Unfortunately, this doesn't seem to have occurred to her parents. Lynne Cheney, for her part, went so far as to deny her daughter's lesbianism entirely. "Mary has never declared such a thing," Lynne Cheney told Roberts on "This Week." "I would like to say that I'm appalled at the media interest in one of my daughters. I have two wonderful daughters. I love them very much. They are bright; they are hard-working; they are decent. And I simply am not going to talk about their personal lives. And I'm surprised, Cokie, that even you would want to bring it up on this program." Thus, in one of her first public interviews as a potential second lady, Lynne Cheney said two things that are blatantly untrue. The first is that her daughter has never declared her lesbianism. The second is that Lynne Cheney doesn't talk about the private lives of her daughters. In fact, in almost every profile of Lynne Cheney last week, we were informed that she loves spending time with her two granddaughters, the children of her older daughter, Liz. Why is one daughter's heterosexuality a public matter while the other's homosexuality is not?

There are two possible answers to that question, and they shed more light on "compassionate conservatism" than all the klieg lights in Philadelphia. The first is that Dick and Lynne Cheney are genuinely embarrassed by and conflicted about their daughter's lesbianism. But, if this is the case, the Cheneys owe us an explanation. It may not be easy, but, when you enter public life at this level, matters that might have remained common knowledge but have rarely been discussed suddenly demand a response on a national stage. Arizona Senator John McCain had to talk about his divorce and his adopted children. Bush had to talk about his drinking and never stops talking about his faith. When they affect public officials, private matters that have a direct relationship to public concerns are routinely aired. In periods when profound social issues are being debated, this is even truer. At some point in this campaign, Dick Cheney will surely be asked about his views on homosexual equality. It's one of the few issues on which there are real differences between his party and his opponent's. He would have to be a Vulcan - or someone deeply ashamed of his own offspring - not to refer to his own daughter in responding. In a candidate putatively wedded to "compassionate conservatism," one might even hope for more - for a response that adds a human dimension to the inhuman way in which gay people's lives are routinely discussed and caricatured.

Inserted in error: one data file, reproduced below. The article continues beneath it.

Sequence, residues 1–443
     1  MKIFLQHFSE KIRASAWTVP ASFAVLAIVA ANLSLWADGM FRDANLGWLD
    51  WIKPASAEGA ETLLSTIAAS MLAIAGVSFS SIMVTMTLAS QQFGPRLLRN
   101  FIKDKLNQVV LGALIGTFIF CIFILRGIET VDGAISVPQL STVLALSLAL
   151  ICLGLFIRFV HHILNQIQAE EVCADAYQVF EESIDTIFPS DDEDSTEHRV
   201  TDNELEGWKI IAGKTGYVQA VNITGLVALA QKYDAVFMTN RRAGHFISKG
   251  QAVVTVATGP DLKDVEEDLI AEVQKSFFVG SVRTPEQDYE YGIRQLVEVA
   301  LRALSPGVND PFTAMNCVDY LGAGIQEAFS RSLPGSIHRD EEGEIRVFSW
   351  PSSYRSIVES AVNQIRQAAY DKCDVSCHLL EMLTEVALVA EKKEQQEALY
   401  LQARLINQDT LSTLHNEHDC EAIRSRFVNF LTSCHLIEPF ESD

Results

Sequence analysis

There is, however, a second possibility - that the Cheneys don't disapprove of their daughter's lesbianism at all but, for political reasons, must pretend to. After all, Jerry Falwell, one of Bush's key allies on the Christian right, has already described Cheney's daughter as "errant." The Republican platform expresses its opposition to special "rights" for homosexuals. Cheney comes from Wyoming, the state where Matthew Shepard was murdered, and had to represent his constituents in the 1980s. Perhaps he feels obliged not to break publicly with the homophobes who still dominate his party. One small piece of evidence to support this theory is the absence from both Dick Cheney's and Lynne Cheney's records of any known anti-gay slurs, despite their being surrounded by people who bait homosexuals on a regular basis. By all accounts, Cheney has treated his gay staffers decently and was deeply supportive of his Pentagon spokesman Pete Williams during his "outing" ordeal. There is no reason to doubt his affection for his gay daughter.